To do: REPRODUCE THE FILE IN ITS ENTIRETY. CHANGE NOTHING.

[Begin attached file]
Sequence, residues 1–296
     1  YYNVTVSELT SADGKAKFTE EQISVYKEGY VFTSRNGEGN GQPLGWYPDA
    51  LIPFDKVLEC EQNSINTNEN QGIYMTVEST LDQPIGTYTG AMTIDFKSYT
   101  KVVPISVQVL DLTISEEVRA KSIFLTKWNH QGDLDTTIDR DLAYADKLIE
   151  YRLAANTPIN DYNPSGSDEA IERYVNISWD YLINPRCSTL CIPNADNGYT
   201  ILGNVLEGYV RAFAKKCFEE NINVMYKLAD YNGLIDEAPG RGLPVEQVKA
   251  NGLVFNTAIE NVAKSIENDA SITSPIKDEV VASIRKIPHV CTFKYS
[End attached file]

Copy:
Sequence, residues 1–296
     1  YYNVTVSELT SADGKAKFTE EQISVYKEGY VFTSRNGEGN GQPLGWYPDA
    51  LIPFDKVLEC EQNSINTNEN QGIYMTVEST LDQPIGTYTG AMTIDFKSYT
   101  KVVPISVQVL DLTISEEVRA KSIFLTKWNH QGDLDTTIDR DLAYADKLIE
   151  YRLAANTPIN DYNPSGSDEA IERYVNISWD YLINPRCSTL CIPNADNGYT
   201  ILGNVLEGYV RAFAKKCFEE NINVMYKLAD YNGLIDEAPG RGLPVEQVKA
   251  NGLVFNTAIE NVAKSIENDA SITSPIKDEV VASIRKIPHV CTFKYS